Why is refractive index so small?

Event Details

  • Date:
  • Venue: Blue lecture Room (BLR-351)
  • Address: Mediterranean Technology Park Av. Carl Friedrich Gauss, 3, 08860 Castelldefels
  • Categories:

ICFO Summer lecture

by Darrick Chang, Theoretical Quantum-Nano Photonics – ICFO


It is interesting to observe that all known materials have an index of refraction that is of order unity at visible wavelengths. This is quite different than any other material property (such as density, conductivity, specific heat), which can vary by orders of magnitude, and depends on the system being a gas vs. solid, insulating vs. conducting, etc. Strangely, there is no deep underlying theory of why refractive index has this seemingly universal property. This is despite the immense technological importance that an ultrahigh index material would have, as the index describes how much the wavelength of light can be reduced, and thus directly determines the minimum footprint of optical devices.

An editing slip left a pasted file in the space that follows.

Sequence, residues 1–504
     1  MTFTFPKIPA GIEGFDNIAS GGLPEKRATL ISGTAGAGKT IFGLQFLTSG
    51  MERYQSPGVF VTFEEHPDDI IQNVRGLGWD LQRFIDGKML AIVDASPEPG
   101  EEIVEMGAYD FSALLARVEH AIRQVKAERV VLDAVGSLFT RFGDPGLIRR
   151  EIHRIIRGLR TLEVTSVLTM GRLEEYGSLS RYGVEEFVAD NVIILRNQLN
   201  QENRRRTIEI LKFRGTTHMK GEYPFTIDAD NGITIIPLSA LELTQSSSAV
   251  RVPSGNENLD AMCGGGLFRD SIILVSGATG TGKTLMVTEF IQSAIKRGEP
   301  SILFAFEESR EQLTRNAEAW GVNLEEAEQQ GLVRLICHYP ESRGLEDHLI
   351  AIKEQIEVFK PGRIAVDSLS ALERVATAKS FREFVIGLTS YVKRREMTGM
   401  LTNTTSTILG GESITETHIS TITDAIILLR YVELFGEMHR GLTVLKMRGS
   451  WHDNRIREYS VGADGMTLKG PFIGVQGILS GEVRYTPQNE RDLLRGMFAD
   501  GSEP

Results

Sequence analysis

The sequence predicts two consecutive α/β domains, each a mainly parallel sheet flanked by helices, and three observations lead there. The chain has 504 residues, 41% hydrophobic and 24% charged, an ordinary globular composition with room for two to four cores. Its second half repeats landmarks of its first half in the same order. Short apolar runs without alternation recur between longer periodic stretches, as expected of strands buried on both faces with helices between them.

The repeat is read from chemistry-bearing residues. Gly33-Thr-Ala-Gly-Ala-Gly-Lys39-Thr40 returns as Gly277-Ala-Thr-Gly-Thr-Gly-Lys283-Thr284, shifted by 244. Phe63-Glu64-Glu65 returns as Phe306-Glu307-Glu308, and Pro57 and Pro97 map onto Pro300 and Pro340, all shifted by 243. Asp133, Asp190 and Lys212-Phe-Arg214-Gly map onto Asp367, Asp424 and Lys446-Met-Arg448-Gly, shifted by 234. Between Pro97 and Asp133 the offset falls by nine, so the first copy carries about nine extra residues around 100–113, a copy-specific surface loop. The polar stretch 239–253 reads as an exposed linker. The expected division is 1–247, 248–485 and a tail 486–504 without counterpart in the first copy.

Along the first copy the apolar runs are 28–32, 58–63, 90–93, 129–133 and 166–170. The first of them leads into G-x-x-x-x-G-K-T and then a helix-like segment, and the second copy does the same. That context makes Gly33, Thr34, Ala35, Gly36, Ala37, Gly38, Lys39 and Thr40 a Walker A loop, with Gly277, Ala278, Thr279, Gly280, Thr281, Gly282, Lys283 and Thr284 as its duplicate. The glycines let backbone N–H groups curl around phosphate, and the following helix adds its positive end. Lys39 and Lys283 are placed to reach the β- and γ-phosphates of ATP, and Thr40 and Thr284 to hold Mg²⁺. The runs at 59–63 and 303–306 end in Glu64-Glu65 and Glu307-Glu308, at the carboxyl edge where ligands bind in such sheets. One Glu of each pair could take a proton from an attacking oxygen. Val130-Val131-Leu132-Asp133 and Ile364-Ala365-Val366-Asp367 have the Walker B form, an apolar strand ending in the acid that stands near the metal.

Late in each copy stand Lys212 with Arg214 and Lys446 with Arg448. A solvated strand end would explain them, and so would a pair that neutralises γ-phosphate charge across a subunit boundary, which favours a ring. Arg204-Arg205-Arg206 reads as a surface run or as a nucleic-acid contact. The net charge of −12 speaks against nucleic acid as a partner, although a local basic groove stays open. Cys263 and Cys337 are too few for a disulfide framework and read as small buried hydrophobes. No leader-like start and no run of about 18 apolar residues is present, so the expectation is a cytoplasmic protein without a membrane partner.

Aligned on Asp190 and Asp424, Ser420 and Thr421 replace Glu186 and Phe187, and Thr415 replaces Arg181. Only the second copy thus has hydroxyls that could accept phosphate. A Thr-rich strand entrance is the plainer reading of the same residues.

Separately, it is well-known within quantum optics that a single, isolated atom can have an extraordinarily strong response to near-resonant light, as characterized by a scattering cross section that is much larger than its physical size. Substituting this known result into standard electrodynamics formulas for material refractive index results in a predicted index of 10^5 at the densities of a solid! In this lecture, we will explore why these textbook formulas break down. We will also discuss our ongoing efforts to develop a more fundamental theory of refractive index, which fixes the shortcomings of previous theories, and which reveals that the low refractive index observed in everyday life is not necessarily a fundamental limit. Our theory combines ideas from diverse fields like quantum optics, quantum chemistry, and non-perturbative multiple scattering of light, which suggests why an answer to the refractive index problem might have been so elusive in the past.